Premier Pauline Marois declared this morning that Quebec voters will go the polls in a general election. The date is reportedly April 7 following a 33-day campaign.
Marois’s Parti Quebecois holds 54 seats in the legislature, nine short of a majority government, and is currently leading in polls, followed by Philippe Couillard’s Liberals and Francois Legault’s Coalition for Quebec’s Future.
Marois, according to media reports, has made it clear that her government’s proposed “charter of values” (Bill 60) will be key to her campaign. And, the way I see it, this may very well be the one issue to push the PQ over the finish line with a majority government.
Many outside Quebec seem in agreement that the charter of values as set forth by the PQ is divisive and just plain wrong. I believe, however, that among those that matter—i.e., Quebecers and especially French-speaking voters—a majority backs the secular charter.
The very real prospect of a PQ majority victory brings once again to mind the issue of Quebec independence, which many in the Rest of Canada seem to have assumed was a dead issue. It has now become, I fear, more of a question of “when” rather than “if” a referendum will be held to determine Quebec independence.
So, I ask myself, how do you feel now about a Canada without Quebec? And I answer without reservation that I believe Canada will be a better place if the country stays together.
Having said that, though, I believe there are fewer Canadians outside Quebec who agree with me than there were during the referendums in 1980 and 1995. Moreover, many of those who agree with me in principle are fed up with what they regard as Quebec’s carping at Canada and denigrating anything Canadian that is not overtly of Quebec.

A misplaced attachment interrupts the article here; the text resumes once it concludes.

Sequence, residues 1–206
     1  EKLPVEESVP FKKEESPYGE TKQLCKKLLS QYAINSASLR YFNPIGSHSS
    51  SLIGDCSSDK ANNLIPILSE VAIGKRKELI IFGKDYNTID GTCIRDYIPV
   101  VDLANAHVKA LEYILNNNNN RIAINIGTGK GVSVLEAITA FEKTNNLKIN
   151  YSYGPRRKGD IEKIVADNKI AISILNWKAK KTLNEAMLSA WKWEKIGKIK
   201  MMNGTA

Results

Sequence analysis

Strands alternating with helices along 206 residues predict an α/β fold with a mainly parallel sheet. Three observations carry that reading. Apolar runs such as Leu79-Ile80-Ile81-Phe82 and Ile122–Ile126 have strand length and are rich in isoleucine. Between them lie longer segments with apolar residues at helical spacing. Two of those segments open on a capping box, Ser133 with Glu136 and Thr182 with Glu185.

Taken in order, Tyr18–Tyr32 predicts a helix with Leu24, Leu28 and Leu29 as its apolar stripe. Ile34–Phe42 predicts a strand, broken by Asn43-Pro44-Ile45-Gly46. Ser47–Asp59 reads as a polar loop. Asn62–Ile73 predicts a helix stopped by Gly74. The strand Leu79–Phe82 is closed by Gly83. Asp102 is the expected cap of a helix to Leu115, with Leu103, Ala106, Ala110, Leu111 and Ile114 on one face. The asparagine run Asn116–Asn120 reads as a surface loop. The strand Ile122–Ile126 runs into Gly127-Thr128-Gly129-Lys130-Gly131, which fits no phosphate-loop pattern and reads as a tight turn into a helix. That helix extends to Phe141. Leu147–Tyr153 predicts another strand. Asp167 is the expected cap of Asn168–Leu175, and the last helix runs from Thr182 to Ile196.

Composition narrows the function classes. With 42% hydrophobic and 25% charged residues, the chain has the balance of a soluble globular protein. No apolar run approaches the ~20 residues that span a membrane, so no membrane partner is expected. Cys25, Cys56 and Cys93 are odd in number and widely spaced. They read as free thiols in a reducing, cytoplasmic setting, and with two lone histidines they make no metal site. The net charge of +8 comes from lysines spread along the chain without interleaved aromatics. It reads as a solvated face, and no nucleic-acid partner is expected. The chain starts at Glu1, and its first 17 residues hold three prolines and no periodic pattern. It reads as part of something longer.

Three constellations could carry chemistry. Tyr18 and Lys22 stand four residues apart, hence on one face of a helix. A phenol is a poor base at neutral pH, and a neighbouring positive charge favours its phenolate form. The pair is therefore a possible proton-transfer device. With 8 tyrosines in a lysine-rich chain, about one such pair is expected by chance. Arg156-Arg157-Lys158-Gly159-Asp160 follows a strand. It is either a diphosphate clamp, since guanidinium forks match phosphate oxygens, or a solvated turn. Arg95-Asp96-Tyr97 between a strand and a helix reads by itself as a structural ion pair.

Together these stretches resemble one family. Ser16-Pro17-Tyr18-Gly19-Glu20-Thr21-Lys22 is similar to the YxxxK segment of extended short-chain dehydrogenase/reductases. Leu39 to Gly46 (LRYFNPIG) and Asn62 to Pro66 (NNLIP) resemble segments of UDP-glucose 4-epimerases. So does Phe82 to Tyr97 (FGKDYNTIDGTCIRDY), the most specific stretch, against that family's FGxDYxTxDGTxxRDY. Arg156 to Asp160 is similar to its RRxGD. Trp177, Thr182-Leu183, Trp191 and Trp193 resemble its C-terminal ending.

Many, including myself, resent Quebec’s huge share of the annual federal equalization program ($7.833-billion in 2013-2014 fiscal year) and the fact it “receives $16.3-billion more from the federal government than it contributes to Ottawa”—this latter statistic according to federal Intergovernmental Affairs Minister Denis Lebel, himself a Quebecer.
Many of us also feel a certain fatigue brought on by the never-ending threat of another referendum rising and ebbing decade after decade. After a while, one can’t help but think, Go already! Yes, the unthinkable—Canada without Quebec—may just be inevitable, and so let’s do it now so we can start the healing process.
Has any province whined and complained and blackmailed the federal government as much a Quebec has? Has any province been as ungrateful for the contribution the Rest of Canada makes towards its financial wellbeing? Does any province try as hard as Quebec does to deny any sort of Canadian identity?
No, no and, again, no!
So, I say, what’s keeping you? Go if you must, but do it quickly and leave the rest of us in peace.
But lets be clear: should Quebec decide to go, there will be one heck of a backlash against that province, even if its accompanied by a huge collective sigh of relief to have finally gotten the independence issue over and done with.
And lets be clear: Canadians will not be supportive of extending citizenship to the residents of an independent Quebec, i.e., no Canadian passports. Nor will Canadians support the signing of special-status trade deals obliging us to, among other things, purchase their supply-managed products at above world prices.
And let’s be clear: Canadians will not be supportive of any further ties with Quebec other that arms-length trade deals, nor will Quebec have a say in Canada’s monitory policy should they decide to use the Canadian dollar, i.e., no joint commissions and the like.
It is high time that Quebec made a clear statement to the Rest of Canada regarding their continued role in our federation: are they in or out; all in or all out?